Intelligent Infrastructure

Terry Bennett argues that in order to unlock the full potential of autonomous cars, transportation planners and policymakers need to think seriously rethinking infrastructure to better accommodate them. Some of his recommendations are familiar, e.g., that we should encourage more public-private joint ventures, but the core idea is the following:

Create ways for cars to collect, coordinate, and upload roadway info, so the physical environment can “listen” to roadway sensors and optimize traffic performance in real-time, as well as “learn” and adjust longer-term patterns. By leveraging and installing wireless transponders called Roadside Units or similar smart embedded sensors, cars can feed safety information into our highways and rural roads. Such information would include static road hazards like curvy roads or low bridges; changing risks such as construction; and information about traffic density, flow, volume and speed. It’s not unlike transferring data back and forth to high-speed tolling lanes — but with much richer data.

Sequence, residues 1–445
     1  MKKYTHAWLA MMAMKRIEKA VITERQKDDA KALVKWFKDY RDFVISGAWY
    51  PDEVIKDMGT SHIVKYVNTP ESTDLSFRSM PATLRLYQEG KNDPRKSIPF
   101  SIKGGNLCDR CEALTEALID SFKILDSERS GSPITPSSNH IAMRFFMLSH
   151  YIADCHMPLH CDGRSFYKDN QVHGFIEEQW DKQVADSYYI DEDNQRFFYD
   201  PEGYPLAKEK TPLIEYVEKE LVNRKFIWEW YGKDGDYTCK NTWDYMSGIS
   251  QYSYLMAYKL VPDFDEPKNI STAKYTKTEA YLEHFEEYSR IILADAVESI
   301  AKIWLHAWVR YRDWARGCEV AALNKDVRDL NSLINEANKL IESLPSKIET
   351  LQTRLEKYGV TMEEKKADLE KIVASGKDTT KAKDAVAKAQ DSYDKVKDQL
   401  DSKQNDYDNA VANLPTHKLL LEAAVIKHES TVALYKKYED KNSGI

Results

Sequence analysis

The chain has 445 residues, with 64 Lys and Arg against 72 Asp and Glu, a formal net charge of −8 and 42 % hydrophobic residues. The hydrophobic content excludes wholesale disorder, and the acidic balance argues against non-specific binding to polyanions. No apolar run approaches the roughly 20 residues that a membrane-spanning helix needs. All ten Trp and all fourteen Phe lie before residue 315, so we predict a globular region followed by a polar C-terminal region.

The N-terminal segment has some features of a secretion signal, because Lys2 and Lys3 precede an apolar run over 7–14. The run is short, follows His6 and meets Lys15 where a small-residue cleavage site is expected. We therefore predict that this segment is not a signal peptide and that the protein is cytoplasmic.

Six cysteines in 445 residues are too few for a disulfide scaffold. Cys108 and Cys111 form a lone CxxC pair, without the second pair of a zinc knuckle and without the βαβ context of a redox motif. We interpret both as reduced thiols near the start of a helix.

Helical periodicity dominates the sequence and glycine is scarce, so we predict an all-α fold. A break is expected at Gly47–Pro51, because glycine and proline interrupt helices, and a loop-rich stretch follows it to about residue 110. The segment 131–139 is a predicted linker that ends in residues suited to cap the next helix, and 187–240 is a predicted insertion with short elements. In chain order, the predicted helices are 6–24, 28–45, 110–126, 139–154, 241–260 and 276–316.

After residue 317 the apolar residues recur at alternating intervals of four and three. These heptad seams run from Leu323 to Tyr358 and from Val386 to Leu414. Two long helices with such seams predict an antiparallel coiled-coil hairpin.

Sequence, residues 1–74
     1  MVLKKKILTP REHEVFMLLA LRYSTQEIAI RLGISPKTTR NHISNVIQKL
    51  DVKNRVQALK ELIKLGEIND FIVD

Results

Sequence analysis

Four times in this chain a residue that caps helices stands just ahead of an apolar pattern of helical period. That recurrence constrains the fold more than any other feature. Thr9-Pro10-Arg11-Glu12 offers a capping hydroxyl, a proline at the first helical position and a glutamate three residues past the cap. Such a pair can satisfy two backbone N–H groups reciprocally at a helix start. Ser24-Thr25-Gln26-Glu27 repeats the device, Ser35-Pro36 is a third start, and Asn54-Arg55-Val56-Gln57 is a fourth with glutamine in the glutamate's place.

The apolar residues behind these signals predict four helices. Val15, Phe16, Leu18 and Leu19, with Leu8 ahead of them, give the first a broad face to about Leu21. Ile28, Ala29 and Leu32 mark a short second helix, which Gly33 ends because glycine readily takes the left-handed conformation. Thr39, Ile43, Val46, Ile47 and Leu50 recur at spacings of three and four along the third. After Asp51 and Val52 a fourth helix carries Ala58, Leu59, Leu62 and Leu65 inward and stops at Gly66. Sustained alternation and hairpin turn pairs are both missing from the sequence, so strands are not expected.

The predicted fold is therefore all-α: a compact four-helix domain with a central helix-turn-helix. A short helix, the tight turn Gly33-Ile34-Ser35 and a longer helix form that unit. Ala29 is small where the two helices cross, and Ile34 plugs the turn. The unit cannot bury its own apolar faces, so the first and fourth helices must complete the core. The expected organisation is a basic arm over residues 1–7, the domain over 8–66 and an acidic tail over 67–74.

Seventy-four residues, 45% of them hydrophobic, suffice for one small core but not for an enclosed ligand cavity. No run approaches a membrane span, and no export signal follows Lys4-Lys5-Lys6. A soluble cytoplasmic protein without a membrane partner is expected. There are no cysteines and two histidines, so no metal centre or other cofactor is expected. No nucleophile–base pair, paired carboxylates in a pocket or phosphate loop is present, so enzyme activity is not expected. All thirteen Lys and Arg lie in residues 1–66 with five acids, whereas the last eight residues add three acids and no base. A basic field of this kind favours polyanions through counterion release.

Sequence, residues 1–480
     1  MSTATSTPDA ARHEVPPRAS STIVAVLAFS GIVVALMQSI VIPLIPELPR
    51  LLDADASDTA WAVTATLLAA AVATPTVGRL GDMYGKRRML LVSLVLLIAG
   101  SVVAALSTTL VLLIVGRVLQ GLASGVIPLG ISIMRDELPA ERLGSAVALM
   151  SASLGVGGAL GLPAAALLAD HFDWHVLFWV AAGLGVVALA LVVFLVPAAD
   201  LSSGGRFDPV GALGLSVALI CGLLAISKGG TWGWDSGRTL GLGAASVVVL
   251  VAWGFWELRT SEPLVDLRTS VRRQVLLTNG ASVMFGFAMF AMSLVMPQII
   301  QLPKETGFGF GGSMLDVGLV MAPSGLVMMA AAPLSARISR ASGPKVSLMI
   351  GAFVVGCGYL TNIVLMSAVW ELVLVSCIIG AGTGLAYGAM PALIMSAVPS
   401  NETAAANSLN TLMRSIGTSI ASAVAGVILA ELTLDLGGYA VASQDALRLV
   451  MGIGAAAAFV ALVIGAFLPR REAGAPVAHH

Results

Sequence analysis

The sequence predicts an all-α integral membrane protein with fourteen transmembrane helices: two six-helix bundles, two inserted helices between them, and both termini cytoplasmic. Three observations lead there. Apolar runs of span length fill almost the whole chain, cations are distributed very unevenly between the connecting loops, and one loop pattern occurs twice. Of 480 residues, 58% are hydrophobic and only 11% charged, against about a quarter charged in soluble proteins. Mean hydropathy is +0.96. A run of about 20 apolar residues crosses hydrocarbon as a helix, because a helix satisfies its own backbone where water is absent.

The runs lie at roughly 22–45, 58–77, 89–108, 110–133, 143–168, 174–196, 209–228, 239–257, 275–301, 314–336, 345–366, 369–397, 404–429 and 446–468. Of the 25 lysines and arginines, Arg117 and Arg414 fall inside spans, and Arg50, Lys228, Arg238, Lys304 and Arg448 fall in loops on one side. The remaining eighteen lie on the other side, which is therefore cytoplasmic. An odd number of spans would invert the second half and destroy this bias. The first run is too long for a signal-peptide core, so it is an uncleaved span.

Autonomous cars have more potential to reduce traffic congestion than high-speed rail, which is designed to serve a relatively small number of intercity passengers. Investments in intelligent road infrastructure might thus be more cost-effective than investments in high-speed rail, particularly if these investments allow for better bus and paratransit service, as seems likely.

Reihan Salam — Reihan Salam is executive editor of National Review and a National Review Institute policy fellow.

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